Alphabetically, the three existing programs are: Linux Professional
Institute (LPI); Red Hat (Red Hat Certified Engineer-RHCE); and
Sair, Inc. On the emerging side, CompTIA has just recently
announced its Linux+ program. Let's take a look at each of these in
turn, starting basically in the order in which the programs
USA Today: Hacker Mitnick: Trust no one (Sep 28, 2000, 19:23)
"...Mitnick warned IT managers Wednesday that unless they
educate every employee -- from the CEO to the receptionist -- about
how hackers work and how to bolster security, corporate networks
and Web sites will never be safe from attack."
LinuxPlanet: Editor's Note: Tech Triangulation and Linux (Sep 28, 2000, 16:20)
"Tech triangulation is a simple procedure. You just figure out
what you want to know, call the support line three times (making
sure you get a different technician each time) and ask your
questions. If you're lucky, they all agree with each other. If not,
go with the majority unless two of them are clearly dim bulbs and
the third is a compulsive 'Linux mentioner' who's looking for his
crack at moving off the help desk by antagonizing random customers
with comments like 'It's supposed to work that way, but I don't
know... I run, uhhh, Linux.'"
SF Gate: The Napster Effect; Program may have started something that no court can stop (Sep 28, 2000, 16:16)
"A host of new companies inspired by the wildfire success of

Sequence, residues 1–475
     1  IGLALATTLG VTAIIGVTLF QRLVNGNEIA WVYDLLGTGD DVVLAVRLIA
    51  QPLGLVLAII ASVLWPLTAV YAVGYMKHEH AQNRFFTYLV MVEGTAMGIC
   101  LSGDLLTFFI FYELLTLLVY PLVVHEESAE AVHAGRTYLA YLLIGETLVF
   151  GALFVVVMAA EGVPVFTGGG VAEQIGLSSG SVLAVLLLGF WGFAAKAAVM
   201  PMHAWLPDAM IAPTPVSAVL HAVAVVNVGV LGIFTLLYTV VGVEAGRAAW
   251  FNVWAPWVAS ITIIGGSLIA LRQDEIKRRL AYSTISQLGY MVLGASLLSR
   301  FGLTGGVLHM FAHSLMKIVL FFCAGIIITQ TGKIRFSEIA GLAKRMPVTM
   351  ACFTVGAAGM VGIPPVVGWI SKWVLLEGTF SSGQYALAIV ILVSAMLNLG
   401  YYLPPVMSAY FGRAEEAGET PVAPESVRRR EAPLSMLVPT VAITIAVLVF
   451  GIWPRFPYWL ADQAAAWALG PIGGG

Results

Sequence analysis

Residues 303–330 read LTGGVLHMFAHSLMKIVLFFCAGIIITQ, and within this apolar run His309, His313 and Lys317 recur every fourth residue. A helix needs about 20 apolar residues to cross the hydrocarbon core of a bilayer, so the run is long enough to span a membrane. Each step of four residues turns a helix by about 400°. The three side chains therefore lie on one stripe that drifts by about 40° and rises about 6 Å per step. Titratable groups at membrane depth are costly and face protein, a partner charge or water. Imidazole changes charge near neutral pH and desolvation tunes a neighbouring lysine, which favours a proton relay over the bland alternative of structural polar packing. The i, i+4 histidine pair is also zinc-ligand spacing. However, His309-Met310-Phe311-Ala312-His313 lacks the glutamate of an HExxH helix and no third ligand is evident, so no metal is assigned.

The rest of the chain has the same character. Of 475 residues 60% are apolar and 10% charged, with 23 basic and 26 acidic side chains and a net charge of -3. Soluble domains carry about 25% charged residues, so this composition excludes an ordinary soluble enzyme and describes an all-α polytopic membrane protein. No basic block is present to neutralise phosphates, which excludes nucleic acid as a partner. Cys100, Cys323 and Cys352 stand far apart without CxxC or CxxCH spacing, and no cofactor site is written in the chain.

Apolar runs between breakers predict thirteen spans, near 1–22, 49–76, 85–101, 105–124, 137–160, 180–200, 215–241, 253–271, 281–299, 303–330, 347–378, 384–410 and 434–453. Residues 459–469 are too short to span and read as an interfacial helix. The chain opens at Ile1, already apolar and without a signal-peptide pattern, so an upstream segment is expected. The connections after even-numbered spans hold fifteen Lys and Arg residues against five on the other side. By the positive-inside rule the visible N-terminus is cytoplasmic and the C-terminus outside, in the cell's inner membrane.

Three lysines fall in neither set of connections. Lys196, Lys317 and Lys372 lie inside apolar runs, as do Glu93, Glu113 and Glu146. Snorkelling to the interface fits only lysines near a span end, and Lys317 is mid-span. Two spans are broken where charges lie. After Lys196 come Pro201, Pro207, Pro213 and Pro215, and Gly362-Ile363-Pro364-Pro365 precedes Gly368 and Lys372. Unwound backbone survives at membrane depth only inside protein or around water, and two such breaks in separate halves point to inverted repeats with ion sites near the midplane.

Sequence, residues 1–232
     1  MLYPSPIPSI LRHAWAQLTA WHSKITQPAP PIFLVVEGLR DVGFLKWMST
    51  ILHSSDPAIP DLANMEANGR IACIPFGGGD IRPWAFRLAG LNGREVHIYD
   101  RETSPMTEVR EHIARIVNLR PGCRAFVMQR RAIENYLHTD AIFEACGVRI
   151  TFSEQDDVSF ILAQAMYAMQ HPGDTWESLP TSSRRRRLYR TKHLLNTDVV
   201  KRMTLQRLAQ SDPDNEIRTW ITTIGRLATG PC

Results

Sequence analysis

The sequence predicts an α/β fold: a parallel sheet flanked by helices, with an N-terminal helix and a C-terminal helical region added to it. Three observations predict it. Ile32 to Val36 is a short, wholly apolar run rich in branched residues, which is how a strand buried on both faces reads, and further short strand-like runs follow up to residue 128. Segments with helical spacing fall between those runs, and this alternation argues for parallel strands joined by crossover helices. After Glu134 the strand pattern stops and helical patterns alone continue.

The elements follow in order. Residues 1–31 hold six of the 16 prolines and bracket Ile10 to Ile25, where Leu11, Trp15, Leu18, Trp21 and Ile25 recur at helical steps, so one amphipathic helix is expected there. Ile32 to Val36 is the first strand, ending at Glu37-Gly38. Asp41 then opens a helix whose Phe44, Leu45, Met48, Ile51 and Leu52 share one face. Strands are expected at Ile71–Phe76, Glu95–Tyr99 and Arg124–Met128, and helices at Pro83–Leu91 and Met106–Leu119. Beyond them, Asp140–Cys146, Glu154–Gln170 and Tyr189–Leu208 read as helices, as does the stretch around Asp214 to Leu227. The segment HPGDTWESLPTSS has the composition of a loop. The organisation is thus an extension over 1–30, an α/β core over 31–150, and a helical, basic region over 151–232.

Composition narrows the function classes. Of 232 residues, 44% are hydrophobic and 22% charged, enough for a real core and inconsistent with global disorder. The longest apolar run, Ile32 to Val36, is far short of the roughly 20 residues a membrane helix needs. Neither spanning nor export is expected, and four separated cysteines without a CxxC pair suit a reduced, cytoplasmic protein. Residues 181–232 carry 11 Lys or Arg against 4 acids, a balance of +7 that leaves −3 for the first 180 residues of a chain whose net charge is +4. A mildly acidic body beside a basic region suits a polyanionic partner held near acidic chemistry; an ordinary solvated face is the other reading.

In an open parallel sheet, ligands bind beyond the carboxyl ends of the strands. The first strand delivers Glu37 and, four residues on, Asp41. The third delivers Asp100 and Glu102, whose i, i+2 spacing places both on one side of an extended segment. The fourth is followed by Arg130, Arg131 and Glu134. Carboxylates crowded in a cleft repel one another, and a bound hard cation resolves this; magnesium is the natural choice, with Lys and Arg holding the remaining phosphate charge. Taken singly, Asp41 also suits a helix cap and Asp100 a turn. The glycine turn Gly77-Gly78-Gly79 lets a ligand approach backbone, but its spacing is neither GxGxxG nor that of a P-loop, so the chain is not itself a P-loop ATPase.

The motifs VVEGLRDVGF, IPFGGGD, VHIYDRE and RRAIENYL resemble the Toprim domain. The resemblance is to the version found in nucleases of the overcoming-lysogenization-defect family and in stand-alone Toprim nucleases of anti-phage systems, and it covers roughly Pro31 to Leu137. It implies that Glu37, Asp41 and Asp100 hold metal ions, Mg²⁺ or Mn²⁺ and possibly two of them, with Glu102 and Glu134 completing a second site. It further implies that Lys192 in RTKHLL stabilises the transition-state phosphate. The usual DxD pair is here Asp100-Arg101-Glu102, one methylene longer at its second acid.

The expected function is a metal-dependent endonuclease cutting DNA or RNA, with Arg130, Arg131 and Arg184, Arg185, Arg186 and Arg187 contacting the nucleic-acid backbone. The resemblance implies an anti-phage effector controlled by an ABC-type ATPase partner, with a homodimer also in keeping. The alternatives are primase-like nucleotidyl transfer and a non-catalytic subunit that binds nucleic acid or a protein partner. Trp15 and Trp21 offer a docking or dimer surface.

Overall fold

Napster are popping up with business plans that not only promise
legal uses of "peer-to-peer" file sharing, but could make the
technology even more widespread than Napster could ever accomplish
on its own."
CNET: Red Hat Linux 7.0 [Review] (Sep 28, 2000, 13:03)
"Red Hat 7's most significant digit is yet to come. While the
7.0 release represents an excellent summary of all that Linux has
had to offer so far, it is the anticipated 7.1 release that will
bring some of the most eagerly awaited features to X Windows
desktops everywhere. Specifically, those with their hearts set on
stable releases of the Linux 2.4 kernel and the KDE 2.0 desktop
should probably sit tight."
In Context: Sun's "Linux Strategy" -- What Is It? (Sep 28, 2000, 09:26)
"The interesting thing about Sun's plan to purchase Cobalt
Networks is how little Sun has had to said about Linux. Sun
undoubtedly has a 'Linux strategy' that goes way beyond anything
they're saying publicly -- care to make an educated guess as to
what it is?"
Linux.com: Have We Come to a Fork in the Road? (Sep 28, 2000, 08:29)
"The simple fact is that Linux and free software are all about
choice, yet we forget this when we wage these flamewars. We negate